New BESS edition released

| November 28, 2023

This article is the foreword by Peter Fritz AO to the new edition of BESS – the Journal of Behavioural Economics and Social Systems published by Global Access Partners. GAP also publishes Open Forum.

I am pleased to introduce the new issue of the Journal of Behavioral Economics and Social Systems.

Several articles in this edition explore the development of a more sustainable model of economic development to ensure our democratic structures and commercial processes reflect our values and protect our future.

The siloed nature of our governance structures makes it impossible to manage conflicting priorities in a single centralised approach. Discrete departments in companies and governments are tasked with their sphere of responsibility – be it sales or social security – and so inevitably act to promote and protect that interest, sometimes at the expense of the administration, corporation, or even nation.

Unfortunately, this neat fragmentation of administrative responsibility does not reflect the complex, interconnected nature of the real world. The effects of industry are felt in agriculture and transport, for example, through the impacts of climate change, while social, health and education policies may stoke or undermine economic success.

People live ‘holistic’ lives, touched by the decisions of every department and sector. The free-market process and democratic structures which theoretically aggregate and balance our interactions now lag behind a worrying range of ever more urgent needs and challenges.

Siloed departments have strong financial and institutional incentives to avoid collaboration, lest that reduce their budget or policy freedom, despite the overall detriment that causes to outcomes. When financial input rather than concrete outputs measure achievement, and the avoidance of failure advances more careers than risks innovative success, it is little wonder that governments see problems as issues to be postponed or managed rather than tackled and solved.

Rigid boundaries do not align with real life, so our organisations and governments lack the flexibility and overall vision to respond to fast-changing circumstances. The “First Track” processes which channel communication within and between these siloes encourage compliance, rather than creativity, and circumscribe, rather than encourage, constructive engagement. Siloes may allow individual actors to evade their collective responsibility when failure inevitably results, but in the long term – be it a company, a government or a planetary species – we are all in this together.

The Second Track encourages a broader cross-section of stakeholders and experts to contribute their thoughts and experience to explore issues from every angle. Solutions that evolve from a pool of knowledge are more likely to reflect current real-world conditions, escape the bonds of ideological presuppositions, and achieve the life-force they will need to succeed.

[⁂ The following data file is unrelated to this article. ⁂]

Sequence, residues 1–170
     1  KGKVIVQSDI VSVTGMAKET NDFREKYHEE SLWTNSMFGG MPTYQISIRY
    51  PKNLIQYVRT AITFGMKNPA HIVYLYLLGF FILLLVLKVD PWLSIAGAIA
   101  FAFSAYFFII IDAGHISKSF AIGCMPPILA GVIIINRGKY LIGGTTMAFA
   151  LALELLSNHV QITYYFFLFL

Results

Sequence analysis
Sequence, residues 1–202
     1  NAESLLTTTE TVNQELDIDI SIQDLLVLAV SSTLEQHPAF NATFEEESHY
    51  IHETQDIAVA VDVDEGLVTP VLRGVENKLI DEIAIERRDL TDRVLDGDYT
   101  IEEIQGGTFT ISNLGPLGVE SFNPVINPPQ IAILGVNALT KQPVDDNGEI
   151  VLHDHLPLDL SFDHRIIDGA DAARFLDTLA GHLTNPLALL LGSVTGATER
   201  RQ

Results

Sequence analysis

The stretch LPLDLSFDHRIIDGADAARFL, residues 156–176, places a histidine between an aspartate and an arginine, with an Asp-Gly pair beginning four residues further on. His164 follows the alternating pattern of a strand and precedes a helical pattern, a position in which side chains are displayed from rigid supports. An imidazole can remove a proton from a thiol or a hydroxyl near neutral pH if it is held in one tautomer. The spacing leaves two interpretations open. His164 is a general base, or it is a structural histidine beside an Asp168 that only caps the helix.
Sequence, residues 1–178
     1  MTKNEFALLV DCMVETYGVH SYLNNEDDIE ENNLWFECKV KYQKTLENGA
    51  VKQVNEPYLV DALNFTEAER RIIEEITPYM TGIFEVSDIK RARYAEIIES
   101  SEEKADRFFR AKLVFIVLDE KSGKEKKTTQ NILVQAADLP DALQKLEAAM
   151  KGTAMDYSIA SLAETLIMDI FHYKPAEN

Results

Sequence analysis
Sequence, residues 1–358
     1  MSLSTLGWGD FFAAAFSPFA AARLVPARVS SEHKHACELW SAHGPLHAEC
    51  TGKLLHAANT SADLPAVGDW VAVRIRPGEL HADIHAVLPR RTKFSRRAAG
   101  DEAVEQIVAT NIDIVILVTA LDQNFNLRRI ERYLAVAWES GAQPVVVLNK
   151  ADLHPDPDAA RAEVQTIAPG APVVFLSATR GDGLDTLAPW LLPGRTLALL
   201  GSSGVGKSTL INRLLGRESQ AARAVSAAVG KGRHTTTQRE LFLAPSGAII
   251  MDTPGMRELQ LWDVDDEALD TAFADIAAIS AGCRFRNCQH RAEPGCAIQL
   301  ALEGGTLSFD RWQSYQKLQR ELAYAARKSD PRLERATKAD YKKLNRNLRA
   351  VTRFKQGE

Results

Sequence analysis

I therefore commend Prof Peter Söderbaum’s paper on sustainable economic development and his call for a new language in economics education as a counterweight to narrow neo-classical doctrine. I invite readers to absorb and offer their own opinions on the many other insights in this edition of BESS alongside the articles on everyday human interactions, neurological decision making and behavioural economics in previous issues.

These topics are of academic interest and directly relevant to our increasingly imperilled political, social and natural world. Our current form of democracy is endangered on several fronts, not least because our current economic model is losing a social license and public legitimacy by ignoring its social inequalities and environmental effects.

Karl Marx thought the revolution would inevitably follow an increasing polarisation of wealth and power between the elite and the masses, but that threat was nullified in the West by a hundred and fifty years of broad economic, democratic and social progress for society. The failure of current politicians to address the glaring gulf between a super-wealthy, technologically powerful elite and a population losing hope of secure employment and affordable housing, medicine and education demand urgent attention.

Marx argued that economic relations are crucial, while his post-modern descendants view power dynamics between identity groups as society’s motive force. Both critiques contain a grain of truth but ignore other factors, from intrinsic human biology through individual effort and responsibility to higher virtues and interpersonal relationships.

Whatever human complexities temper the influence of money and power, the fact remains that a house left unattended will inevitably fall into disrepair before being swept away to its very foundations and replaced by something new. If our experience of modern architecture is any guide, that replacement is not always for the better.

Democracy has to evolve more quickly to maintain its ability to enrich and empower people and nations, and retooling our system of economic value, exchange and education – alongside adopting Second Track approaches to broaden and deepen decision-making – is perhaps the best way to ensure the best of our culture is retained, rather than lost, in the deluge.

BESS Volume 5 Number 1-2 is available online on Aalborg University’s Open Journal System and Global Access Partners’ website,